The other day, I was filling one of my CamelBaks and noticed that the hose had grown a bit of mold.
When I went to pull the tube off to clean it, it wouldn’t budge.
Like, at all.
Which made me wonder, how exactly are you supposed to remove the tube from a CamelBak reservoir? Especially older reservoirs that don’t have a release button.
Removing the tube from new CamelBaks is really easy, just press the release and slide it out. Older CamelBaks were a lot more challenging. If simply pulling the tube off doesn’t work, you can try to twist as you pull, soak it in hot water for 15 minutes to soften the plastic, push the tube away from the base with a butterknife, or, if you’re replacing the tube anyway, cut a vertical slit in it near the base to make it slide off much easier.
Removing the tube from your CamelBak makes properly cleaning it so much easier. But unfortunately, older reservoirs don’t actually have a hose that was intended to be removed.
Luckily, I was able to figure out a few ways to make removing a stubborn CamelBak tube much easier.
How To Remove The Tube From Modern CamelBaks (2011 to present)
In 2011, CamelBak released the Antidote bladder, which added several new features that have become standard on all new reservoirs since — one of which is a removable hose.
As a result, removing the tube from modern CamelBaks couldn’t be any easier.
Just press and hold the release button and slide the tube out of its port on the bladder. It’s as simple as that.
Once it's been removed no water should flow out of your CamelBak bladder. It's designed to only have water flow when the hose is attached.
How To Remove The Tube From Older CamelBaks (before 2011)
But before CamelBak added that quick release button, the tubes were actually pretty challenging to get off. So if you've got an older CamelBak then you might have a bit more trouble.
If you’re having difficulty, there are several methods you can try.
Twist As You Pull
If simply pulling the tube off the bladder doesn’t work, twisting it a bit as you pull may do the trick.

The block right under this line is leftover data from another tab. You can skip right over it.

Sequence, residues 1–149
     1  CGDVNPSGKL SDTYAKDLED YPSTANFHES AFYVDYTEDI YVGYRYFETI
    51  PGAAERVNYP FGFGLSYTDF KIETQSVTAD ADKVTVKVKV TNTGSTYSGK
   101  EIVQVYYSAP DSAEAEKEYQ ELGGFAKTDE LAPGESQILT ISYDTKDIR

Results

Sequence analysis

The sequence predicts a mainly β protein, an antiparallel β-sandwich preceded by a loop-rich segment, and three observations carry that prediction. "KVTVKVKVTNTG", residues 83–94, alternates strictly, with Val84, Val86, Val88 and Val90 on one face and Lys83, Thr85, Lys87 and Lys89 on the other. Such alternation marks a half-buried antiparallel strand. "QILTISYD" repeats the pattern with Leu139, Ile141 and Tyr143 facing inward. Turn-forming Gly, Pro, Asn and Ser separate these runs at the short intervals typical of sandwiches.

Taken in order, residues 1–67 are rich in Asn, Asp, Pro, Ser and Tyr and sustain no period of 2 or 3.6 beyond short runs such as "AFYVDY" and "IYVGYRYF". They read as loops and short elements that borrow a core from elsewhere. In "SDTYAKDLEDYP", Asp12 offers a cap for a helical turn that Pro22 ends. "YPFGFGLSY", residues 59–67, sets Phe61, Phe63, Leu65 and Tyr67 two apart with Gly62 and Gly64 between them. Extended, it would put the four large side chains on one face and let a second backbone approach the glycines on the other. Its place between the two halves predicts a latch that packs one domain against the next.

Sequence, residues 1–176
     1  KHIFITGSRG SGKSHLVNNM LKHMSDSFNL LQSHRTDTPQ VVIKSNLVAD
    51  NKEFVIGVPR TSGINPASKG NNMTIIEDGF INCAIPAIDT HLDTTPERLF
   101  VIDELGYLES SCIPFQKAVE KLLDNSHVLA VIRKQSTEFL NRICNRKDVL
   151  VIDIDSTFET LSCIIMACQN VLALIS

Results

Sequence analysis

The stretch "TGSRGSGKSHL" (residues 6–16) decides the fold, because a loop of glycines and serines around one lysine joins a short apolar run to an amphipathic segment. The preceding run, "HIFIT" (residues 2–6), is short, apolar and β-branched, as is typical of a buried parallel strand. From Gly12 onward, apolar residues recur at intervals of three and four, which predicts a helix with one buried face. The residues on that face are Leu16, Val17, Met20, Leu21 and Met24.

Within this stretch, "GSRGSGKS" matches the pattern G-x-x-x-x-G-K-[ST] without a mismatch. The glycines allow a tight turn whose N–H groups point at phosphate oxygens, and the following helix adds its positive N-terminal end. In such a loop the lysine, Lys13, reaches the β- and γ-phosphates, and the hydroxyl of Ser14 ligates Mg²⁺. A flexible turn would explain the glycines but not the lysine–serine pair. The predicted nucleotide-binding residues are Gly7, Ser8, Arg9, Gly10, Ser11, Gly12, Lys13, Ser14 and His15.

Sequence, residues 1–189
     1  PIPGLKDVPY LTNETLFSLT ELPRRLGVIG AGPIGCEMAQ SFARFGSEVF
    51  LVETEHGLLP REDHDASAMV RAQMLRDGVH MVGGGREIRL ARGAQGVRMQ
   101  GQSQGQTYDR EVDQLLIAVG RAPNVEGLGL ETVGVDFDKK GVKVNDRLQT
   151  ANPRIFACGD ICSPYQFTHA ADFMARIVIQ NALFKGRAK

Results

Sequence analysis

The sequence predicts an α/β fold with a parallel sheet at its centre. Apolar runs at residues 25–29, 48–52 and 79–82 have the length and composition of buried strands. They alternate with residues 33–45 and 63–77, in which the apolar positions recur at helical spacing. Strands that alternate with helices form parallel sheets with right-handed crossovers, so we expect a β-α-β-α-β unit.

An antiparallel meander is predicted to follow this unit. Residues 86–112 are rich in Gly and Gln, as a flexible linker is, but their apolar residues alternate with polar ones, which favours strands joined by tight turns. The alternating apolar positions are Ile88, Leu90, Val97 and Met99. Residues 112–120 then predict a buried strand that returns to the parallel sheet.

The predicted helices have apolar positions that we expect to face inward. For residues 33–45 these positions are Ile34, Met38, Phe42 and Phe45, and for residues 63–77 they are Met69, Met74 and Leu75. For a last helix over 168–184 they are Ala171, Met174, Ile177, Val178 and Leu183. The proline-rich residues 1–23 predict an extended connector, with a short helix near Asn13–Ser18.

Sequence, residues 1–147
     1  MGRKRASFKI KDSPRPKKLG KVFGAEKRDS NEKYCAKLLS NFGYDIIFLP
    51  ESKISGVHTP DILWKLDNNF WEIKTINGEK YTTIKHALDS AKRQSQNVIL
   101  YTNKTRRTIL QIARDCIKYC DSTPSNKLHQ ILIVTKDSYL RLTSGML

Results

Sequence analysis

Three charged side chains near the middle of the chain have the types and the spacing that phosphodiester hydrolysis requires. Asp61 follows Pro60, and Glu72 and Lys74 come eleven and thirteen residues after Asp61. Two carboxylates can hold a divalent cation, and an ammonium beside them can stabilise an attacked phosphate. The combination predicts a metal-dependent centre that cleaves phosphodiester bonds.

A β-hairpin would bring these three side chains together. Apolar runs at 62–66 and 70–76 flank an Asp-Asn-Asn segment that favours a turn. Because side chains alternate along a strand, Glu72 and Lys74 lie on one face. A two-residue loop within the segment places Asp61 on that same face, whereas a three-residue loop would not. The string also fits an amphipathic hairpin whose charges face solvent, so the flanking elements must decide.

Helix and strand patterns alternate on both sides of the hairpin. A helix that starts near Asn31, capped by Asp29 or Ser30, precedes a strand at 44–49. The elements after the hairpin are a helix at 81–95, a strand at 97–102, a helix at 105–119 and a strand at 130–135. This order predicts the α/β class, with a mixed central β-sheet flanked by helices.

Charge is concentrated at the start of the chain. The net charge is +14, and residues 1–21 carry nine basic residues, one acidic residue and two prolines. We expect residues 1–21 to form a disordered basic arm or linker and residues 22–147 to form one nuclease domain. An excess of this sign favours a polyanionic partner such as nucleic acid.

This is by far the fastest and easiest method, so it’s worth a quick shot before you move on. You may be pleasantly surprised.
Soak In Hot Water To Soften The Plastic
CamelBak recommends soaking the bladder in hot water for five or ten minutes before trying to remove the tube.
Hot water will soften the plastic and should make it a lot easier to pull the tube from its base. A lot of people online have had success with this method so it's definitely worth a try.
Pry Loose With A Butter Knife
The reason pulling the tube from its base is so hard is because the tension of the pull increases the compression force around the base — meaning the tube literally grips tighter the harder you pull.
Finding a way to “push” the tube away from the base would have the opposite effect, and actually reduce compression force at the base.
One way to accomplish this is to slide a butter knife between the tube and base and push upward. If you can create even just a little bit of give, the tube should slide off pretty easily.
You just need to be really careful using a knife as you don't want to cause a tear in the tube if you plan on reusing it. Avoid using sharp knifes and be careful when using this method.
Cut It Off
If you’re removing the tube to replace it, it doesn’t matter if the old tube is damaged.
Cutting an inch long vertical slit in the tube near the base with a razor or a sharp knife will make it slide off easily.
Just be careful not to cut the reservoir as well, or you may be replacing more than just the tube.